The Metaphysical Vision: Arthur Schopenhauer’s Philosophy of Art and Life and Samuel Beckett’s Own Way to Make Use of It expands upon the ideas and theories set forth in the author’s Die eigentlich metaphysische Tätigkeit: Über Schopenhauers Ästhetik und ihre Anwendung durch Samuel Beckett, published (in German) in 1982 and hailed by Catharina Wulf in her book The Imperative of Narration (1997) as an «excellent study» and «the most thorough enquiry into Beckett and Schopenhauer.»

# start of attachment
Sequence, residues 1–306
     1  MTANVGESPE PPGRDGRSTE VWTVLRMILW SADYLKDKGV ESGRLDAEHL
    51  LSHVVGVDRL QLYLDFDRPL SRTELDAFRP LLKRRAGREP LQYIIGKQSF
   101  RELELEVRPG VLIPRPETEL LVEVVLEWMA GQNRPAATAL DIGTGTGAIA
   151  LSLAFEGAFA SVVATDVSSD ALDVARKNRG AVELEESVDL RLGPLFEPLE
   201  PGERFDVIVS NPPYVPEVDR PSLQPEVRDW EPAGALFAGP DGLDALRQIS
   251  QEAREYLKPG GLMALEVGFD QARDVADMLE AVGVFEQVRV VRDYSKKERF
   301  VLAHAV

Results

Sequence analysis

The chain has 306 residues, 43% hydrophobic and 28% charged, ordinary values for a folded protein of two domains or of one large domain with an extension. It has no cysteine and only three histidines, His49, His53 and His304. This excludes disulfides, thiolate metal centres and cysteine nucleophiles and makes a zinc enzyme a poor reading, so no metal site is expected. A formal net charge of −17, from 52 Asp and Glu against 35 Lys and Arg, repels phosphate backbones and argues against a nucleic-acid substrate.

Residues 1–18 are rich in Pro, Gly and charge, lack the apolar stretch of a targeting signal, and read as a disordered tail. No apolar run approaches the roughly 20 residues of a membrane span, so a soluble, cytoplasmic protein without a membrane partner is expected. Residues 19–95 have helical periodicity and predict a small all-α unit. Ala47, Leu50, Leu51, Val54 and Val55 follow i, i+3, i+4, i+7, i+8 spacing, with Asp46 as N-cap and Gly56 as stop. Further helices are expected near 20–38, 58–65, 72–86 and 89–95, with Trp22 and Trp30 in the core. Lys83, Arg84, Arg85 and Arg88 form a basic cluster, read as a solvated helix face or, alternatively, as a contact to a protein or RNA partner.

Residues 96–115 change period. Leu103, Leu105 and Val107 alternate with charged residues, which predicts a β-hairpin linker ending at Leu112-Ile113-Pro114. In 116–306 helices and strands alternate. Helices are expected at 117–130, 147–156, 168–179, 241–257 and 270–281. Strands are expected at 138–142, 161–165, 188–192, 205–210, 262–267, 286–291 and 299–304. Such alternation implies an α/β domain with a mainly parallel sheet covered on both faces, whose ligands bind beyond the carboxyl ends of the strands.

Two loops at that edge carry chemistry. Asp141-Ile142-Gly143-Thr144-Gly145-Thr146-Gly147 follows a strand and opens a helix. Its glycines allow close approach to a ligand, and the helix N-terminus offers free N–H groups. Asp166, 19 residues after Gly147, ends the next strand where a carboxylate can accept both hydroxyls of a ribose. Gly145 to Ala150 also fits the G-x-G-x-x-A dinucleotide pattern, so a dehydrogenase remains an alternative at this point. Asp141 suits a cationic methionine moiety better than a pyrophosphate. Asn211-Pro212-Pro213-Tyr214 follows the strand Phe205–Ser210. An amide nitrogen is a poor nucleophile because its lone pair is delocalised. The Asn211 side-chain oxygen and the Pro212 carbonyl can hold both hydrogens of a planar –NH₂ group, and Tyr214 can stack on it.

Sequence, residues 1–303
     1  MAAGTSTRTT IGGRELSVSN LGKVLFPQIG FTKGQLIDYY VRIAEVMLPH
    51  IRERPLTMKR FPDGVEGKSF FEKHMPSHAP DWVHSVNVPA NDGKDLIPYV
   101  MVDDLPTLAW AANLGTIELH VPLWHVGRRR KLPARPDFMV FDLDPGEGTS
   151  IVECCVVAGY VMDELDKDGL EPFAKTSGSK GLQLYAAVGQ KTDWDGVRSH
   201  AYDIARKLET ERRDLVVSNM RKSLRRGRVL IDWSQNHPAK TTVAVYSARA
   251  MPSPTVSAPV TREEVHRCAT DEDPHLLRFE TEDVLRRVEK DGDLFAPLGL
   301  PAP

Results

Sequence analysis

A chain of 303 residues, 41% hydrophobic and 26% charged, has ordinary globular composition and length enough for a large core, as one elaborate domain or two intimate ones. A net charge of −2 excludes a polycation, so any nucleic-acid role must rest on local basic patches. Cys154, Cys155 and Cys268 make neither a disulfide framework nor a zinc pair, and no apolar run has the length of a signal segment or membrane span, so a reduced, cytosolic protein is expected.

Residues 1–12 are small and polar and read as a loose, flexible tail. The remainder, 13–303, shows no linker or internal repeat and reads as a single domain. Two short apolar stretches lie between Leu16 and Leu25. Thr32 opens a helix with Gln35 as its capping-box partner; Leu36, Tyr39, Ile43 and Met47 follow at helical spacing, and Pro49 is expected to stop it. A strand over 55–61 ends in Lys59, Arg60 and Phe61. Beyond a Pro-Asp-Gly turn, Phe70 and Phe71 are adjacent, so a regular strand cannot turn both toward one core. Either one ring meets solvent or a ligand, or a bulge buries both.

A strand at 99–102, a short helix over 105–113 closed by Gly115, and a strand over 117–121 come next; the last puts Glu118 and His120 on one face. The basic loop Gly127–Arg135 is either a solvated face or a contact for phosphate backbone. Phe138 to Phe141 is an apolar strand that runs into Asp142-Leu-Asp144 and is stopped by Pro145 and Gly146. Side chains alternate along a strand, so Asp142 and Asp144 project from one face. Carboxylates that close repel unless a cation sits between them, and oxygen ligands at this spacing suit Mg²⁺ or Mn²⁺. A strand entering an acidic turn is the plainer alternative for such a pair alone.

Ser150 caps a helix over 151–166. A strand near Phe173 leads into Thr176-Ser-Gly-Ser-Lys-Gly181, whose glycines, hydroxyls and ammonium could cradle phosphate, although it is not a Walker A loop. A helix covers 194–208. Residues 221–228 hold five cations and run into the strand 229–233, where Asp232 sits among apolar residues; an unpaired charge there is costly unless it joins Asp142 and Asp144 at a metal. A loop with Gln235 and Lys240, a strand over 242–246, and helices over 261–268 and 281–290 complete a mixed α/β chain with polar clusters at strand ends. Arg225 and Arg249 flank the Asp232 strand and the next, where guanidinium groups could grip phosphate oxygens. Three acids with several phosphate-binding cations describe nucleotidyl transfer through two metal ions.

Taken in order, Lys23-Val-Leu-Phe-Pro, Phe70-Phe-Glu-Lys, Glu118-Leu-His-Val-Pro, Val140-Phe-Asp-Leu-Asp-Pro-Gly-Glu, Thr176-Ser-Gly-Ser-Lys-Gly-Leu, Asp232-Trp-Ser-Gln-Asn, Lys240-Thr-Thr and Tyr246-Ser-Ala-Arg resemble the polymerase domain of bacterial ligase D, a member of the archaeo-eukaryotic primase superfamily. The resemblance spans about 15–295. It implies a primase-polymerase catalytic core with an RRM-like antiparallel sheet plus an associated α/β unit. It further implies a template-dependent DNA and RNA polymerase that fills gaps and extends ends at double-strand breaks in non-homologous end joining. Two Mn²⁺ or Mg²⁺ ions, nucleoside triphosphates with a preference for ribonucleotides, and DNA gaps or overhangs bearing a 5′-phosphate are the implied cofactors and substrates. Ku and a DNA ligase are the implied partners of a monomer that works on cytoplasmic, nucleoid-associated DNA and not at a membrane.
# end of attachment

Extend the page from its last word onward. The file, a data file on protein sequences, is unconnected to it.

In the last years of the twentieth century, new documents regarding Samuel Beckett’s reading and thinking, especially important notebooks and letters, have become accessible to scholars. These documents show much more clearly than could ever be demonstrated previously that Beckett had a strong, lifelong interest in Schopenhauer’s philosophy. There is no other philosopher to whom Beckett refers more often in his personal comments throughout the years of his writing up to his seventies; no other philosopher whose view of life and the world comes closer to the image of human existence we find in Samuel Beckett’s literary work. The striking similarity in matters of world view and human life, and especially the evidence obtained from Beckett’s previously unknown notebooks and letters, call for a close systematic study of the Beckett-Schopenhauer relationship. Due to its comprehensiveness and in-depth approach, The Metaphysical Vision is, and will be for many years to come, what its forerunner was for more than two decades: the most thorough enquiry into Beckett and Schopenhauer.